It was somehow fitting that DeMarcus “Boogie” Cousins was the one person, of all people, who rekindled the “superteam” debate this week when the former Kentucky center agreed to a one-year deal with the two-time defending world champion Golden State Warriors.
Unfair! So the competition cried. The Warriors already own an embarrassment of riches with four genuine all-stars in Stephen Curry, Kevin Durant, Klay Thompson and Draymond Green. Adding an all-star center — even one coming off a ruptured Achilles — to the core four that has captured the NBA title three of the last four years seems downright criminal.
How is the rest of the league supposed to compete?
Kentucky athletics knows that question from both sides.
UK basketball knows all about the “superteam” label, one it has worn on numerous occasions via its self-proclaimed status as the greatest tradition in the history of college basketball.
And UK football knows about this “superteam” stuff, as well, though from a much different perspective.
Kentucky basketball has been a traditional “have,” while Kentucky football has been a traditional “have-not.”
And as so often happens in college sports, the rich get richer, especially when it comes to college football. Just take a look at the last 20 years of the college football national championship game versus the 20-year history of the college basketball national championship game.
For football, that means first the BCS (1998-2013) followed by the current College Football Playoff (2014-17). For basketball, that means, of course, the NCAA Men’s Basketball Tournament national title game.
Just 17 different schools have competed in the college football national championship over the past 20 years (1998-2017). Alabama has been there six times. Florida State, Ohio State and Oklahoma have been there four times. USC has reached the national title three times.
Meanwhile, 22 different schools have reached college basketball’s national championship game over the past 20 years (1999-2018). No school has been there more than four times, with Connecticut, Duke and North Carolina matching that number. Florida and Kansas have reached the title game three times.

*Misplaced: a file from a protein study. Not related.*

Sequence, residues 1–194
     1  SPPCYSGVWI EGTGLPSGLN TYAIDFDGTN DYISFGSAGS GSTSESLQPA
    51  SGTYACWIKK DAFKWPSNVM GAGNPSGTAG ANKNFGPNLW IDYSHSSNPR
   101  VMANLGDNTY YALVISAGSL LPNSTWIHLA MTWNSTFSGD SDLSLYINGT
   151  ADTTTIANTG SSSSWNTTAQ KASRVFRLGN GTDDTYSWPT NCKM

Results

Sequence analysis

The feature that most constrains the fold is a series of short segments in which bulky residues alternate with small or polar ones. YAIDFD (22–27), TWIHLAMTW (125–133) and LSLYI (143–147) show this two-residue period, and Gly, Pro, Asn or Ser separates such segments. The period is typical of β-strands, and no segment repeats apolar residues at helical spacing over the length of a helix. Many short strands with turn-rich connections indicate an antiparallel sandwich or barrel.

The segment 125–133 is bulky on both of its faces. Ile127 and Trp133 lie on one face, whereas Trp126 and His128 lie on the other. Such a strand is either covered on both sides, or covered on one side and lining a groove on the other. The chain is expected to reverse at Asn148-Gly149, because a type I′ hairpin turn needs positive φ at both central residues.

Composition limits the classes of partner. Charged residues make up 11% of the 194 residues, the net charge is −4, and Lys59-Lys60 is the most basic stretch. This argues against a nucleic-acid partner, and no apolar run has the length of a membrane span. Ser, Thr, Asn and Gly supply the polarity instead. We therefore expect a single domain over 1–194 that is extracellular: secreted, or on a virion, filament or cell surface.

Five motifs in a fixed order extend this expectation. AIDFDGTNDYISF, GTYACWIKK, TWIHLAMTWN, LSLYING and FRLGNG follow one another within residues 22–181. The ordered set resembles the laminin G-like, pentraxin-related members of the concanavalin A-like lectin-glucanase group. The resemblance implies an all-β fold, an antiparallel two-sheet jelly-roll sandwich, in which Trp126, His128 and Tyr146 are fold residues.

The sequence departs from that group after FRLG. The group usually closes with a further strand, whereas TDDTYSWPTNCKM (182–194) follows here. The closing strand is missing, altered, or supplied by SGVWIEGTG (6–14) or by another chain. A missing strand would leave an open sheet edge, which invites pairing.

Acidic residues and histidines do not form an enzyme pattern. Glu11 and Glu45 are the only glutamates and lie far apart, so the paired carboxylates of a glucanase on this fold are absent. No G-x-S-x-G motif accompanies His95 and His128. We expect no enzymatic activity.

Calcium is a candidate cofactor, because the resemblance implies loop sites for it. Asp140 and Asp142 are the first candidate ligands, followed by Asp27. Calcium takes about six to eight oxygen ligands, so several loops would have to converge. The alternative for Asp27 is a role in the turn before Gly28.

Kentucky basketball has been there twice in the past two decades, though if you extended the time line the Wildcats have made five title game appearances in the past 23 years.
And these days, Kentucky Coach John Calipari operates on an NBA-like “superteam” pitch. The recruits are free agents, a la Cousins. Great players want to play with great players who share a common goal — getting to the NBA. Highly competitive practices improve your skills. The pro-style culture prepares you for the professional lifestyle. And you just might win a title, too.
If a handful of players can change a college basketball program’s fortunes, college football is much more of a numbers game. It takes more than one star player or one star-studded recruiting class to turn around a program. It takes two, three, four classes to make a national impact.
Remember the timetable Howard Schnellenberger gave when he arrived at Louisville after winning a national title at Miami — His "collision course" with greatness? Fifteen years, said the pipe-smoking Schellenberger. That’s how long it would take to build a national championship program.
Kentucky football has the double whammy of trying to build a team while facing the “superteams” of the SEC. Besides Alabama’s half-dozen appearances, Florida (two), LSU (twice), Auburn (twice), Georgia (once) and Tennessee (once) have all been just one win away from a national title in the last 20 years. All but Georgia have won it at least once.
So 35 percent (14-of-40) of the title-game slots have been filled by SEC schools. Compare that to current schools in the ACC (nine slots), Big Ten (five), Pac-12 (five), Big 12 (four) and independent (one).
Over the past decade, UK football has the worst record in the SEC, just 21-59. It hasn’t posted a winning conference mark since 1977. There’s a reason for that. If Kentucky basketball is often a “superteam” Kentucky football is often playing the “superteam.”
SEC football 2008-17